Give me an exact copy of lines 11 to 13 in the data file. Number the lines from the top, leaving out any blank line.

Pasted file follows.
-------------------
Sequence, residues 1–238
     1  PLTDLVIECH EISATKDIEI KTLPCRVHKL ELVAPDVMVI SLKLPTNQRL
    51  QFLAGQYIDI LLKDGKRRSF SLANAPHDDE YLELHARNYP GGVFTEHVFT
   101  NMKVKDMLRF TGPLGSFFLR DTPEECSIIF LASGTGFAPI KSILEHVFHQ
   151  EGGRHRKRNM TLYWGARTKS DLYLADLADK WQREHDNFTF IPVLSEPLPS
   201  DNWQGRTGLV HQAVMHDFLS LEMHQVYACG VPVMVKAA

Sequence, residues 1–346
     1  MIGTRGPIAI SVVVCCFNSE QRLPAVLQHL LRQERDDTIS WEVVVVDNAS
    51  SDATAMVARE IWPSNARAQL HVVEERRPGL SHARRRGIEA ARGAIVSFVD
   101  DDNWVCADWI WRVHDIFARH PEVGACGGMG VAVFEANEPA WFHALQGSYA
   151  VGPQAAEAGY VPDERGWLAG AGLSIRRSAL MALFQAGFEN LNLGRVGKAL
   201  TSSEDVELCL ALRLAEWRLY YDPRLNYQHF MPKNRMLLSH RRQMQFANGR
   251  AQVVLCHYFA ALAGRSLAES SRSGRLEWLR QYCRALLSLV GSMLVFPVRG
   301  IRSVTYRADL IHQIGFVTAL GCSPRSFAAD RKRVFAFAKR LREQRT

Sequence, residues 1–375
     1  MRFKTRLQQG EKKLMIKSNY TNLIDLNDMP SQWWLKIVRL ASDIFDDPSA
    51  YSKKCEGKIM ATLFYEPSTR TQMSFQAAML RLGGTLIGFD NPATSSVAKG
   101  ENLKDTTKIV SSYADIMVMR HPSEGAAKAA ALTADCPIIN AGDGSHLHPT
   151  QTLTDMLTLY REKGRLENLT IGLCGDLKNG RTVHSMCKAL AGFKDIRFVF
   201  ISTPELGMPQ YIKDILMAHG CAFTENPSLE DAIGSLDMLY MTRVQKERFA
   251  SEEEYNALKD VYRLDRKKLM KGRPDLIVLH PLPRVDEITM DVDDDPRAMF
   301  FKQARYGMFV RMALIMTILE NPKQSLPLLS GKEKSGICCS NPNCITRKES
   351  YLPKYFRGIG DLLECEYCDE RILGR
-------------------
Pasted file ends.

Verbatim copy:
   151  VGPQAAEAGY VPDERGWLAG AGLSIRRSAL MALFQAGFEN LNLGRVGKAL
   201  TSSEDVELCL ALRLAEWRLY YDPRLNYQHF MPKNRMLLSH RRQMQFANGR
   251  AQVVLCHYFA ALAGRSLAES SRSGRLEWLR QYCRALLSLV GSMLVFPVRG